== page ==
8 Jun 2017 6:48 AM GMT
The High Court of Delhi recently set aside an order of grant of bail, observing that such orders can be cancelled to prevent miscarriage of justice, if they are based on irrelevant material,“This Court is conscious that cancellation of bail is a serious matter. Bail once granted can be cancelled only when there exist very cogent and overwhelming circumstances. It is settled law that...
The High Court of Delhi recently set aside an order of grant of bail, observing that such orders can be cancelled to prevent miscarriage of justice, if they are based on irrelevant material,
“This Court is conscious that cancellation of bail is a serious matter. Bail once granted can be cancelled only when there exist very cogent and overwhelming circumstances. It is settled law that parameters for grant of bail and cancellation of bail are different. However, if the Trial Court while granting bail acts on irrelevant materials, bail can be cancelled. The bail can be cancelled even in cases where the order granting bail suffers from serious infirmities resulting in miscarriage of justice. If the Court granting bail ignores relevant materials indicating prima facie involvement of the accused or takes into account irrelevant material, which has no relevance to the question of grant of bail to the accused, the High Court would be justified in cancelling the bail,” Justice S.P. Garg observed.
The Court was hearing a Petition filed by one Mr. Rohit Bansal, challenging an order passed by the Additional Sessions Judge, wherein the Court had granted regular bail to one Mr. Anil Yadav. Mr. Yadav, along with a few others, had been arrested for having attacked and assaulted Mr. Bansal and his friends after a fight at the club. One of the victims was beaten to death, while the others had sustained multiple injuries.
The accused persons had thereafter been charged with offences punishable under Sections 302 (punishment for murder), 308 (attempt to commit culpable homicide), and 34 (common intention) of the Indian Penal Code. Bail was subsequently granted to Mr. Yadav, and the others on parity, relying on the CCTV footage of the brawl.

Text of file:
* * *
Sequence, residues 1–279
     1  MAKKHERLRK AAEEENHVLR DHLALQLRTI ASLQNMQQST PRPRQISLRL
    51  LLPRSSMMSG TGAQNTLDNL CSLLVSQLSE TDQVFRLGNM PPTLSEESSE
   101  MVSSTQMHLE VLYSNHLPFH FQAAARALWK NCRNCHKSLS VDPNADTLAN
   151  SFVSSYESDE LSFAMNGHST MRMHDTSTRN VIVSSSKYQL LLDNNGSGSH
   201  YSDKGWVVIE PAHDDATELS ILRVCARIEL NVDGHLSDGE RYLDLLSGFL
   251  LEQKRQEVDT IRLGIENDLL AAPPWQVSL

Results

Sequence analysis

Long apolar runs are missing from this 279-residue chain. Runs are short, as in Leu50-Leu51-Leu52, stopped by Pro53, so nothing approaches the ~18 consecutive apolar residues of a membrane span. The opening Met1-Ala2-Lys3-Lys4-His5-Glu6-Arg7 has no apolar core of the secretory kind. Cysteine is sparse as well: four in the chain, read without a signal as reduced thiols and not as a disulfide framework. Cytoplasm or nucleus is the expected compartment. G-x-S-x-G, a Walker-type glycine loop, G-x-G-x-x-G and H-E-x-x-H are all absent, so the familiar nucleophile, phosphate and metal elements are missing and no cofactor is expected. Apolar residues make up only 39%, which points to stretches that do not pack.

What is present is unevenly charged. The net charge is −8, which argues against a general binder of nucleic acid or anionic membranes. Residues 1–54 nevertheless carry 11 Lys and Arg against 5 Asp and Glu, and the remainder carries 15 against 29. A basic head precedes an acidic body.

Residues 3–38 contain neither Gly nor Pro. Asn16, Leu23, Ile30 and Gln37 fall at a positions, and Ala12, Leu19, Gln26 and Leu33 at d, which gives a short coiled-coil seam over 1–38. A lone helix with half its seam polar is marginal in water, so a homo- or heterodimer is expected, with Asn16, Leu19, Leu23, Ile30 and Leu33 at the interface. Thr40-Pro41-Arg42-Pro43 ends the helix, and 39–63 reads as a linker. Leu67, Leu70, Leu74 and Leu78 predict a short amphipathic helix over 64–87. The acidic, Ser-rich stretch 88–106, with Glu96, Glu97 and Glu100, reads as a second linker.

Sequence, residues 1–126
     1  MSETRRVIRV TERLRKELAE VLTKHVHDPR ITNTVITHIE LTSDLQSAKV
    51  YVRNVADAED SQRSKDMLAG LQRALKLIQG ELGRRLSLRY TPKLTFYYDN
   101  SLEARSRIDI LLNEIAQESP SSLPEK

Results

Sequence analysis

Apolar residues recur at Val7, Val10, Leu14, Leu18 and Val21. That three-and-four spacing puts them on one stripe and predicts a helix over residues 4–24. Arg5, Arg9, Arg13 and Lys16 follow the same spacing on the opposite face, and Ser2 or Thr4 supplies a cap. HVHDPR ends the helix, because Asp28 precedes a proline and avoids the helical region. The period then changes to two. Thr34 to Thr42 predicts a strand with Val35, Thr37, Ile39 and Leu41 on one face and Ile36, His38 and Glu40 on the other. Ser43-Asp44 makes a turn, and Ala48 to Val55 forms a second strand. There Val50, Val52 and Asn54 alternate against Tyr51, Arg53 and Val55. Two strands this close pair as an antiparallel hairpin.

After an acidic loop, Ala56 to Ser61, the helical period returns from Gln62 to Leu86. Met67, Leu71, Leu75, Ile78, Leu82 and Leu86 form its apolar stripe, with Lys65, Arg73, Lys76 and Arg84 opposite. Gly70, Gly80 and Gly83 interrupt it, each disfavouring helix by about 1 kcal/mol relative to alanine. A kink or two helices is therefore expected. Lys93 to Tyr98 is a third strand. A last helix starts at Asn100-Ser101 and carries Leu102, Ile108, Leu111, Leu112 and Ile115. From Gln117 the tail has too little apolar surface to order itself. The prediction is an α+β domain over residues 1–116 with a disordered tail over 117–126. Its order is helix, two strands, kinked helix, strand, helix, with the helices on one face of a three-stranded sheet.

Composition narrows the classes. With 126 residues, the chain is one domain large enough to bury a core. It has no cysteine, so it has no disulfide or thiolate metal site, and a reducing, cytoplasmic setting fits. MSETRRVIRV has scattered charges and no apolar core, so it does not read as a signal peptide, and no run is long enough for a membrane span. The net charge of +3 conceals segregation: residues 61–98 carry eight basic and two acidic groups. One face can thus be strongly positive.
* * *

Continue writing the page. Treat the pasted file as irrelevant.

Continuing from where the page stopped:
The High Court, however, opined that the lower Court had wrongly placed strong reliance on the CCTV footage to find that Mr. Yadav was not involved in the incident. The Court observed that the conclusion arrived at by the lower Court to grant bail was “presumptive”, despite the fact that at the stage of granting bail, a minute examination of evidence and elaborate documentation of the merits of the case was not to be undertaken.
Justice Garg further observed that the lower Court had failed to take into consideration the aspect that the offence committed was heinous in nature, and that there was every likelihood that Mr. Yadav could misuse the liberty and threaten witnesses. It went on to opine that the fact that Mr. Yadav had been in custody for sixteen months was “not a valid consideration to grant bail to ‘the respondent’ considering the gravity of the offence”.
Thereafter, setting aside the order of bail, which was granted on the basis of certain discrepancies, the Court observed, “Such orders are against the well recognized principles underlying the power to grant bail. Such orders are legally infirm and vulnerable leading to miscarriage of justice and absence of supervening circumstances such as the propensity of the accused to temper with the evidence, to flee from justice etc. would not deter the Court from cancelling the bail.”
Read the Judgment here.